Updated Feb 28, 2012 - 12:43 pm
Rooting for Cougs comes with plenty of disappointment
Here it is three days later and I'm still agonizing over the Cougars' 59-55 loss to the Huskies in Pullman.
Why am I still agonizing? Aren't I used to Cougar losses by now? Did I really expect the Cougs to beat the Huskies?
These are all fair questions. And as usual, I either don't have answers or don't have good answers for any of those questions.
Kevin Calabro called it a good win for the Huskies, and I'm thinking: "Was it really?" Beating the eighth-best team in the Pac-12 isn't my definition of a good win.
The Go 2 Guy feels Brock Motum's pain. (AP)
If the Huskies want to call it a good win, I'll call it a bad loss for the Cougs, really bad. Believe me, when you follow the Cougs, you know the difference between good losses, bad losses and really bad losses.
Good losses are the ones in which the Cougs put up a good effort against a superior opponent, only to be out-talented in the end. But, man, what a fight it was, and you're proud of their performance. Maybe next time we'll get 'em.
If I'm being completely honest, good losses are also the ones in which I took the Cougs and the points and they covered the spread.
Bad losses are losses in which we were favored to win and somehow lost.
Really bad losses are any losses to the Huskies. It doesn't matter where they happen -- Beasley Coliseum, Alaska Airlines Arena, Martin Stadium or Husky Stadium -- every one of them is really bad.
Like any Coug, I hate losing to the Dawgs because it fuels their already over-the-top superiority complex.
And when it happens like it did on Saturday -- blowing a 13-point lead in the last 12 minutes by making 6 of 20 free throws -- it's the absolute worst.
Hey, guys, in case you'd forgotten, Washington is the team that can't shoot free throws, not you! You led the Pac-12 in free-throw shooting? What the hell happened?
Actually, there's a question I can answer -- I know what the hell happened. The Cougs started to think too much and played not to lose instead of playing to win. They looked tight, and I don't get that at all.
Really, if you're Washington State, what do you have to lose in that game? You're at home, you should be loose and carefree because the outcome makes no difference to you. Washington, with a conference championship on the line, should have been the tighter team.
I'm rambling, but it's just so damn frustrating. I'm sick of getting my hopes up and being let down again. Then to cap it off, we blow it in the worst way possible.
It would be one thing if Patrick Simon's attempt at a game-winning three had rattled in and out, but to have it come up three feet short was just so classic Coug. Hate to get down on Simon and my team, but come on! At least draw iron, Patrick!
I know, I know, Simon hadn't played and was colder than Sitka, but still.
I don't expect much, really I don't. I would just like to have my 7-year-olds experience a Cougar victory over the Huskies at some point. I don't want them to keep telling me: "We suck at everything, dad."
It's gotten so bad that I received an email yesterday from a fellow Coug who got a psychiatrist to break down our frustration. This is what the shrink wrote:
"Cougar fans suffer so much pain because they operate under an intermittent reinforcement program. That is, a win every now and then, with the interval unpredictable, maintains the behavior of the possibility of another win.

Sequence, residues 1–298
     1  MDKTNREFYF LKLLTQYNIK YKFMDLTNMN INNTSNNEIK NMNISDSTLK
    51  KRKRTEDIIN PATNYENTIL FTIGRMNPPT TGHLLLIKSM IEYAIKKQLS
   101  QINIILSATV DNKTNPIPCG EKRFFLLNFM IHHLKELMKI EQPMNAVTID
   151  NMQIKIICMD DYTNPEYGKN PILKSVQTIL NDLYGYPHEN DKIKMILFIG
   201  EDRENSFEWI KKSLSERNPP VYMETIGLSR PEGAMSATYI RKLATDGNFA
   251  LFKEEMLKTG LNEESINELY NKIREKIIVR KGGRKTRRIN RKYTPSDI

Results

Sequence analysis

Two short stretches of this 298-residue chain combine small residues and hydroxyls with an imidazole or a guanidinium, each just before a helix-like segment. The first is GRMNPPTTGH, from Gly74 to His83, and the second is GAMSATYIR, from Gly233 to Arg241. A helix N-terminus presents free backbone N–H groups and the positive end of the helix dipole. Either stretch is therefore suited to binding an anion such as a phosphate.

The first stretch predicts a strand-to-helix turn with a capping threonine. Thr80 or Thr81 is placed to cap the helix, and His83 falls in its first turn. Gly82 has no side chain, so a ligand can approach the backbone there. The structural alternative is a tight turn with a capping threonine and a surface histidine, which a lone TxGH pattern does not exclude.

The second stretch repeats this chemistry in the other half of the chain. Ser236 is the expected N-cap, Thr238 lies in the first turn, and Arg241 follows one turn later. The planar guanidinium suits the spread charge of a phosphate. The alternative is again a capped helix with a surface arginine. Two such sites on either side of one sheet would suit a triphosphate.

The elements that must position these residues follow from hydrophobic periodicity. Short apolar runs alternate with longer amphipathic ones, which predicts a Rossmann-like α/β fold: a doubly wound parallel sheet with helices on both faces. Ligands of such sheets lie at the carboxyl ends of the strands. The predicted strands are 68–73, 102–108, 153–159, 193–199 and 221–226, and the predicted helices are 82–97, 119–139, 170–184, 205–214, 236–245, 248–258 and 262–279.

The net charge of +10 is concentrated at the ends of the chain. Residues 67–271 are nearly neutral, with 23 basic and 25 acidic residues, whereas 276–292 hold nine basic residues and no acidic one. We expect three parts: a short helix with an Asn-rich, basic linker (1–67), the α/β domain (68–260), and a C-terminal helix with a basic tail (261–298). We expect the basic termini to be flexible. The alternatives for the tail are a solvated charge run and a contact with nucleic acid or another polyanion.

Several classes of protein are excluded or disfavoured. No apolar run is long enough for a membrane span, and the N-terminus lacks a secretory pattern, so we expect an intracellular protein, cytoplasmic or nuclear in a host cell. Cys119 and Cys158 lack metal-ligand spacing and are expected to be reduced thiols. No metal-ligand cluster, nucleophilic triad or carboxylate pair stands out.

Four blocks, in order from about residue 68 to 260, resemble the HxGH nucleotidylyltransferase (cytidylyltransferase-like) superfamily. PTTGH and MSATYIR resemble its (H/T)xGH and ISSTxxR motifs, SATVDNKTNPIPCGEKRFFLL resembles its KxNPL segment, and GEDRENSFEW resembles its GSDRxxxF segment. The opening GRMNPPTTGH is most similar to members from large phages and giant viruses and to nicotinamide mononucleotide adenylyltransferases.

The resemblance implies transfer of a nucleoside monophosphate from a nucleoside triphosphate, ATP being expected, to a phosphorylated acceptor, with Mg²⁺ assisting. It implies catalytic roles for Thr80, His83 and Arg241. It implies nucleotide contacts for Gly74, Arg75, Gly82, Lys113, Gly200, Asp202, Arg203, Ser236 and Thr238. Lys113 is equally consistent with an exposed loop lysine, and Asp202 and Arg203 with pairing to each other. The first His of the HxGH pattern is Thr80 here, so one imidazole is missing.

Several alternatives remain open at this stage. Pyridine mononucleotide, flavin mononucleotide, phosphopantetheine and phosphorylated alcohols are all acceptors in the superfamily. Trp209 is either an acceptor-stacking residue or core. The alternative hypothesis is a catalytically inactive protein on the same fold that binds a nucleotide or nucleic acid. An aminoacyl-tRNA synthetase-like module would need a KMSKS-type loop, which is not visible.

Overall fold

"Thus, we continue to suffer pain because we are always anticipating happiness. It's a law of behaviorism that Skinner discovered and validated.
Another way of saying it is that every now and then, even a blind pig finds an acorn in the mud hole, so the pig keeps on rooting around in the mud. So, unless we lose all of our games forever, we will continue to feel pain in our anticipation of happiness."
So there you have it. Now we're being compared to blind pigs. I want to tell the shrink that he's mixing his adages -- blind squirrels are the ones who look for acorns, not blind pigs, but I get the point.
Then there's this, an email from another Coug pal in Bend, Ore., Abe Lodwick's hometown. If you follow the Cougs, you know Lodwick as the senior lefty who's always been an OK player at best.
As my Coug pal explains: "Lodwick fits the classic profile of a Cougar student-athlete. Great kid, good grades, proud to be a Coug, will likely do well in his chosen career. But his actual athletic contribution was underwhelming. We always seem to get the "not much talent but tries really hard" kids.
"Like you, I am sick of always coming up short in these games. Wouldn't it be nice to actually have some guys with some legitimate talent who can step on some necks and win these kinds of games?"
The hell of it is, we might get another shot at the Huskies next week. If we beat Oregon State in the first round of the Pac-12 tournament, we'll likely play the Dawgs in the quarterfinals.
Jim Moore also writes for his website, www.jimmoorethego2guy.com. You can reach him at jimmoorethego2guy.com and follow him on Twitter @cougsgo.
Bonneville Media encourages site users to express their opinions by posting comments. Our goal is to maintain a civil dialogue in which readers feel comfortable. At times, the comments can descend to personal attacks. Please do not engage in such behavior. We encourage your thoughtful comments which: have a positive and constructive tone, are on topic, are respectful toward others and their opinions. Bonneville reserves the right to remove comments which do not conform to these criteria.